The never ending debate over citational footnotes.
Wish I knew this when I was diagramming sentences in grade school.

Good advice on how not to write an opener

Over at Above the Law, Mark Herrmann has an interesting self-assessment test, designed to determine whether you are a “crappy litigator.” (Mark’s words.) It also contains a lesson on how not to write the first sentence in a brief. Here’s the short version: if the first words are “Comes now” or the equivalent, well, Mark has some bad news for you.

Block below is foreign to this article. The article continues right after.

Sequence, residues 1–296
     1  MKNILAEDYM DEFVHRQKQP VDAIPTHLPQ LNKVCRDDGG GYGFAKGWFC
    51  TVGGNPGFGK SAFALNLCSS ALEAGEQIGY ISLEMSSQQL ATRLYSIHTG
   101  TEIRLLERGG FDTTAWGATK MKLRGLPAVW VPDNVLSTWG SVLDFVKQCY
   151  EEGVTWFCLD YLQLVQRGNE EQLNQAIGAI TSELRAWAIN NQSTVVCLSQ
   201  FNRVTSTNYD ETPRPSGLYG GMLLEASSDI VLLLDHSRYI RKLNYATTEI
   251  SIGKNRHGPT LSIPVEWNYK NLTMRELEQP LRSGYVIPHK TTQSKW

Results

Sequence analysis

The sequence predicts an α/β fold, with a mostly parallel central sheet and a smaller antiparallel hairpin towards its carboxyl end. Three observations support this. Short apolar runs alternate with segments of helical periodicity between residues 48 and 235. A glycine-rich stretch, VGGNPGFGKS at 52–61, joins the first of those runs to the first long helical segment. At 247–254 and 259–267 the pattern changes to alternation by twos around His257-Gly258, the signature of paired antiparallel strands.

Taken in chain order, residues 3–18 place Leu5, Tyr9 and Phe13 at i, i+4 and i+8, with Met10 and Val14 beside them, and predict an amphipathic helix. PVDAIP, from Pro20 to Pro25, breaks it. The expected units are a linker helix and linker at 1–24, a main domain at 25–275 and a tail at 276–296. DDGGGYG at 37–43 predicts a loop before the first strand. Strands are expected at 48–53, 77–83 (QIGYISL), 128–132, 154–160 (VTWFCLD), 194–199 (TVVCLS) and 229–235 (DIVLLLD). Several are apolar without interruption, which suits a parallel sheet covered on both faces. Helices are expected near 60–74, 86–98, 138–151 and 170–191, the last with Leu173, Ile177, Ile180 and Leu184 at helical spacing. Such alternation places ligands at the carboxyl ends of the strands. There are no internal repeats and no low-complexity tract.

If Mark’s piece doesn’t convince you, look up Bryan Garner’s entry for “comes now, now comes” in Garner’s Dictionary of Legal Usage 176 (3d ed. 2011). And if you happen to have Garner’s The Winning Brief handy, check out Tip 73.

Comments

Celia Elwell

I don't have Garner's book. What is Tip 73?

Ray Ward

The short version of Tip 73 is “Swear off the hence-the-title principle.” This means to not waste your opening paragraph repeating information already in the title.

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